The season is followed by a New Year's special (rather than the usual Christmas special) called Resolution.

Series Twelve (2020)
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The season begins with a two-part story involving aliens from another dimension as well as a new version of the Master (Sacha Dhawan). And the Master drops some dire hints about Gallifrey and the Doctor's past being based on lies. There are also a couple of episodes with environmental lessons. And one where the Doctor meets a version of herself she doesn't remember, known as the Fugitive Doctor (Jo Martin), which ties in to a mystery that isn't resolved until the season finale. Of course plenty of other stuff happens, but the last three episodes involve the Cybermen, as well as revealing the truth that the Master hinted at, at the start of the season. I don't want to spoil what that secret is, but I think I heard that there was some fan backlash about it. Personally I have mixed feelings; I think it worked well enough in the finale itself, but I'm not sure how I feel about the massive alteration to the show's canon as a whole. But I'm not really going to worry about it. Oh, I also wanted to mention that there was an episode where the Doctor's current companions briefly met Captain Jack Harkness. Alas, he didn't meet the new Doctor, and if the two of them don't meet sometime before she regenerates again, I shall be very cross.

Well, luckily Harkness meets the new Doctor in a New Year's special called Revolution of the Daleks.

Series Thirteen: Flux (2021)
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This season is a six-episode serial adventure, like they used to make in the old days. I don't know how much I want to reveal about the story, but I will say that there's a phenomenon called "the Flux" which is destroying the universe. So of course the Doctor wants to figure out what it is, and stop it. There are various characters introduced in this story whom I feel I need to mention. One of them is a man named Dan Lewis (John Bishop), who sort of becomes the Doctor's newest companion, though he doesn't actually spend much time with her in this season. He spends more time with Yaz, who becomes separated from the Doctor. But I'm getting ahead of myself. Um... we also meet a Lupari named Karvanista, who at first is an enemy of the Doctor and Yaz, but ends up rescuing Dan from Earth when the Flux shows up there, for a reason I won't get into. But Karvanista and Dan don't like each other. A bunch of other Lupari ships soon arrive at Earth, and protect the planet from the Flux. And we meet a man named Inston-Vee Vinder, who witnesses the Flux destroying a galaxy from a remote space outpost. He wants to find his wife, Bel, who is also trying to find him. She's pregnant, unbeknownst to Vinder, and while I like both of those characters, I kind of don't like the Tamagotchi-like technology called Tigmi that Bel has to sort of communicate with her unborn child. I may have misunderstood the nature of the device, but... well, I don't want to get into why I didn't like it.

Um... there are also a pair of villains called Ravagers, named Swarm and Azure, who had been imprisoned separately, long ago, by a mysterious organization called Division, of which the Fugitive Doctor and Karvanista had been operatives. The Ravagers escape, and cause a lot of trouble. The current Doctor wants to learn more about Division, and is eventually transported to its headquarters outside the universe, where she meets a Time Lord named Tecteun, who is responsible for the Flux. This all ties into the Doctor's lost memories that were introduced in series 12, the nature of which I still don't want to spoil. But those memories are contained within a fob watch, which the Doctor gets possession of by the end of this series, but hides from herself within the TARDIS, and it's unclear if or when she'll ever open the watch to restore her memories. But again I get ahead of myself.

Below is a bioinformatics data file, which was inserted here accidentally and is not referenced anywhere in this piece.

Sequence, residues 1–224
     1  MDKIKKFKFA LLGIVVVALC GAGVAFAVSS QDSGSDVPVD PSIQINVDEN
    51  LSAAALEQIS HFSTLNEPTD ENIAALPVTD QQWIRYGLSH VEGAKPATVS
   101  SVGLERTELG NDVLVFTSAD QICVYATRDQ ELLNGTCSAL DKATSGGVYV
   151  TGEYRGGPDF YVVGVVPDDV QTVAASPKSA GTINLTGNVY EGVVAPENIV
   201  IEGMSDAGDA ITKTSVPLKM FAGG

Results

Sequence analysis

There's a man named Professor Jericho, with whom Yaz and Dan travel for a few years while they're separated from the Doctor. And a real historical figure named Joseph Williamson, who had built a series of tunnels under Liverpool, which somehow connected to different times and places throughout the universe. And the Daleks, Cybermen, and Weeping Angels all make appearances in the story, but the main alien race making trouble are the Sontarans, who take advantage of the Flux. There's also an alien called the Grand Serpent, a powerful leader of his world (wherever and whenever that was) for whom Vinder worked for a little while before discovering he was a bad guy. After filing a report against the Grand Serpent, Vinder was reassigned to the observation post we first saw him on. At some point the Grand Serpent lost his position, though it's not revealed how (I'm not sure if it's because of Vinder's report or not). And he ended up on Earth in the past, infiltrating UNIT. In the present, he comes into conflict with the current head of UNIT, Kate Stewart (whom I don't remember if I've ever mentioned before). And... yeah, there's just a ton of stuff going on throughout the season, and I think a lot of it wasn't explained very well (if at all), and I'm not sure how much sense any of it made (but I did mostly enjoy watching it, nevertheless). Nor am I sure how much of the universe was actually destroyed by the Flux before the Doctor finally managed to stop it. But a new potential enemy was introduced, whom Swarm and Azure worked for, which was apparently the manifestation of Time itself. Anyway, I've left out a few characters and some plot points, but I think I've said just about enough. Of course, the Doctor is eventually reunited with Yaz and Dan, and the three of them will have more adventures together.

Series 13 was followed by three specials, the first being 2022's New Year's special, "Eve of the Daleks".